Gunslinger Girl (2003-2004)
Directed by Morio Asaka

Artistic & Entertainment Value
* * * *

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After being maimed in a brutal attack, Henrietta, an adolescent girl, is taken in by the Social Welfare Agency, a secretive group funded by the Italian government. Having been given an artificial body and having been brainwashed so that she can be used as an assassin, Henrietta subsequently bonds with her handler, Jose, who has been assigned to train and supervise her, and meets the other girls living at the agency, all of whom have been treated as she has.

Morio Asaka's thirteen part animated television series Gunslinger Girl is amongst the most affecting programs I have had the pleasure to encounter.


The series is loosely structured, each episode telling its own tale and focusing on one of the girls more than on the others. Nevertheless, none of these stories is entirely self contained. Each builds on those that came before it, and each includes several or all of the girls in some way or another. There is, thus, a unity to the series, even if it is never tightly organized. On the whole, this approach works well, allowing the director to present a series of brief mediations on the nature of his protagonists' existence.


Most of the episodes of the program bring out the consequences of the situation the director has envisioned. The girls are shown as being completely devoted to their handlers as a result of their conditioning, but these older men are revealed as often not caring for their charges. Several appear not to know how to relate to the girls, and one sees his charge as nothing more than a machine, although Jose does involve himself in Henrietta's life, apparently caring for her nearly as much as she cares for him. The girls' relationships with one another, and their perspectives on their situation are also explored extensively. Much of what is shown about the children's lives is painfully tragic, but, amongst all the misery these young individuals endure, there is enough hope and enough relishing of one's present life to imbue the series with a charm that keeps it from becoming wholly depressing. What is more, its frequent, skillfully choreographed action sequences often make it genuinely exciting.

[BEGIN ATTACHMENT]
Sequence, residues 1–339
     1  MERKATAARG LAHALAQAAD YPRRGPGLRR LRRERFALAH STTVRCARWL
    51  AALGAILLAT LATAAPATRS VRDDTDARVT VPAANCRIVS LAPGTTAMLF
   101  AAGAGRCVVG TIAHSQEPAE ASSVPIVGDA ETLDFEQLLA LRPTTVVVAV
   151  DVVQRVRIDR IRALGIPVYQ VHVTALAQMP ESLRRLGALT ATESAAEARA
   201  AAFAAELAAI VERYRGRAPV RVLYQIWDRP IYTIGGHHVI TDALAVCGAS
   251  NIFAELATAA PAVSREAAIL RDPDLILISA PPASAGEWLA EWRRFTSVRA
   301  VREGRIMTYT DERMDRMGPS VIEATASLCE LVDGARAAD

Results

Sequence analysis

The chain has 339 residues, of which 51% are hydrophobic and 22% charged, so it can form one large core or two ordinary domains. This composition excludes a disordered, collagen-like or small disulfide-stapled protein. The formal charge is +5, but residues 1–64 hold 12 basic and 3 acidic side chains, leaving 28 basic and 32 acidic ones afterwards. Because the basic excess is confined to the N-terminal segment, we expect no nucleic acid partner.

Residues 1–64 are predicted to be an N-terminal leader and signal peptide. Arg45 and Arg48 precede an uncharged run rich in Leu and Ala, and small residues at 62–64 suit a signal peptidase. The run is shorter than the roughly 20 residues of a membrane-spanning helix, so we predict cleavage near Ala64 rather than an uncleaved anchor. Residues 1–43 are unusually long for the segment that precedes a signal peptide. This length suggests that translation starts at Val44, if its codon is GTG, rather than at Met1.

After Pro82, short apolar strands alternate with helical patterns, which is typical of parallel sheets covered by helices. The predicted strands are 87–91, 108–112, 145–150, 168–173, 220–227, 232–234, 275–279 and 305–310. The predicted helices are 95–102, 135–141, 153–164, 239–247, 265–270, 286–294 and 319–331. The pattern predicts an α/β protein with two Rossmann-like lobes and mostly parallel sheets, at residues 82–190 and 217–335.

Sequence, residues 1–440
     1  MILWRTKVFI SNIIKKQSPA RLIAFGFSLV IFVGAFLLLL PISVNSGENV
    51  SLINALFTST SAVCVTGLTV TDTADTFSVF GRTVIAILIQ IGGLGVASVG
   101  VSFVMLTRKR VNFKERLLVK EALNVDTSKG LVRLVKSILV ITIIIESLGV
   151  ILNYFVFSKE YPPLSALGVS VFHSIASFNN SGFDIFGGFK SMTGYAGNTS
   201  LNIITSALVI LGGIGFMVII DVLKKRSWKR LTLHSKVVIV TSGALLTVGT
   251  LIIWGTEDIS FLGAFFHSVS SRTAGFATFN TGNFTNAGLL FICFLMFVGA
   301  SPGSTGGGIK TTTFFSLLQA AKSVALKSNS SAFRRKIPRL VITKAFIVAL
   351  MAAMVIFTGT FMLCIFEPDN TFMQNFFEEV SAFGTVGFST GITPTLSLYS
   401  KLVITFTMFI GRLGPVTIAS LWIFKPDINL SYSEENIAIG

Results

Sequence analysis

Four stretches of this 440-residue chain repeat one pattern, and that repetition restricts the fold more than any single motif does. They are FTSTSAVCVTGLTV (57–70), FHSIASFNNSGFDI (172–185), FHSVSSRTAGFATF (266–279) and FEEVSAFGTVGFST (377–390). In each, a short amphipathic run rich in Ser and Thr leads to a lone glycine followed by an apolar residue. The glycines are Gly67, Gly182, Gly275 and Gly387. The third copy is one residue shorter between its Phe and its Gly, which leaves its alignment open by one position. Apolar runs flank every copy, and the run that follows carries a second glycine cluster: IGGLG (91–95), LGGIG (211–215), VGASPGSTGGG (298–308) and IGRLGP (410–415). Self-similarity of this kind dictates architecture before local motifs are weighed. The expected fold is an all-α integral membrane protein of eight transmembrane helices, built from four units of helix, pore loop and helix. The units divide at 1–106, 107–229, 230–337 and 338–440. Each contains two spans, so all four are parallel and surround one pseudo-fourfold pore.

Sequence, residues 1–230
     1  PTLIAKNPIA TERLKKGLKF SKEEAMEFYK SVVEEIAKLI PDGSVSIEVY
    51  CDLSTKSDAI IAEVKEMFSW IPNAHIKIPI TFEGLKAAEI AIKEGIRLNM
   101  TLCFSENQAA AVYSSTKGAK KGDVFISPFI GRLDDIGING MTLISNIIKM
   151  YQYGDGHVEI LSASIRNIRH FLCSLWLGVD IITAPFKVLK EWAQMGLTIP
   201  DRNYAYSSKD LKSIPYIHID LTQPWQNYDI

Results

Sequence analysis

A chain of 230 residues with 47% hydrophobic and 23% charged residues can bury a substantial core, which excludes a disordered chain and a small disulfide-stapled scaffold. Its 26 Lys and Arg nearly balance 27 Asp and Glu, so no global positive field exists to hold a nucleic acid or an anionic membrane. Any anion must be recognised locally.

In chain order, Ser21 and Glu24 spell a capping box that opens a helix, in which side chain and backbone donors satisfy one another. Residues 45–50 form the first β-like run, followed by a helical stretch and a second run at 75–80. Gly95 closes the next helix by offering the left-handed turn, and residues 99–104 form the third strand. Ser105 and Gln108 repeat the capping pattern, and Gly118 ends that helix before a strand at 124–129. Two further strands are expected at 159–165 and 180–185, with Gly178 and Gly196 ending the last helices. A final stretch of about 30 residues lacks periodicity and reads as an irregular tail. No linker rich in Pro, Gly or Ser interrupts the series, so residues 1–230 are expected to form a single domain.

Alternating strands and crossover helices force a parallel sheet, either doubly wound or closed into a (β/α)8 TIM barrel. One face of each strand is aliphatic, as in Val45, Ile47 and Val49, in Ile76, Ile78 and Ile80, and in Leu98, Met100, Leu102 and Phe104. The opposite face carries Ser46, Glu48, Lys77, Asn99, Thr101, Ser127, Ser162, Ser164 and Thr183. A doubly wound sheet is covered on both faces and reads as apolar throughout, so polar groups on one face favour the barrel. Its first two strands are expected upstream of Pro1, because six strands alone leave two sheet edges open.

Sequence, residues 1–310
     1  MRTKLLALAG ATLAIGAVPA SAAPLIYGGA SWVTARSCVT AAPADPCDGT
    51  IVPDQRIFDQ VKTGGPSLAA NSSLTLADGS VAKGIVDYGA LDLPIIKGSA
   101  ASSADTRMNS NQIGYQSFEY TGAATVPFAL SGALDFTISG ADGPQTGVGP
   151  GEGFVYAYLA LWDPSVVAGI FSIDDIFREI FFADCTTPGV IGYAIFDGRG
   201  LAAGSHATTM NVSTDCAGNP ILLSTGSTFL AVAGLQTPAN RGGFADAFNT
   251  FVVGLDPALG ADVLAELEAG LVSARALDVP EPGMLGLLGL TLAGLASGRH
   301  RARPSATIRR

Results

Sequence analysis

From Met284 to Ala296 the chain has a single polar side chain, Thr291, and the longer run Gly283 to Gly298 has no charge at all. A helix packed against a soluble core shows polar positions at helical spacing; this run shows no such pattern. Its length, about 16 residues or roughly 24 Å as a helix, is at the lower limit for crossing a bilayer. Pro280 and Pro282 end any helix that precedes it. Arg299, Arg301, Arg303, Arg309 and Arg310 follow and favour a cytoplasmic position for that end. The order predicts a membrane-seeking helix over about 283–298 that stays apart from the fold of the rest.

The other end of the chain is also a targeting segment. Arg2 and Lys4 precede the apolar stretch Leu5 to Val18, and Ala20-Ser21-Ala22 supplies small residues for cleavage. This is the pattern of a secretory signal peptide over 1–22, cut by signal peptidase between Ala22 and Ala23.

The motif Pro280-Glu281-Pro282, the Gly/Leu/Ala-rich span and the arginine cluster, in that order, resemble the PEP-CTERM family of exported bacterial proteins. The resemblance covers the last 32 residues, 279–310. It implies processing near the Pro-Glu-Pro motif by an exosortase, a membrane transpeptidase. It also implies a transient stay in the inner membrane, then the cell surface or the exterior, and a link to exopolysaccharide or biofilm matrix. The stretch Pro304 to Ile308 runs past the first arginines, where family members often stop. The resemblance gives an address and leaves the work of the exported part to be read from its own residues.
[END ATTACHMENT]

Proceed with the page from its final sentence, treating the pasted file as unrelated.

Such emotional effects are supported by the series' visual qualities. Many of the backgrounds, which present the viewer with visions of quaint Italian cities composed of narrow, winding streets lined with tall, often ornate buildings, are quite appealing, and the character designs are, without a doubt, even more beguiling, especially those used to give life to the girls around whom the narrative revolves. All of these children are made so charming that they are sure to appeal to the viewer, enabling him to engage with them and feel their sorrows, as well as their joys, with a surprising poignancy.


I will hardly claim that Gunslinger Girl is a masterpiece, but it is both well made and a melancholy pleasure to watch.

Review by Keith Allen

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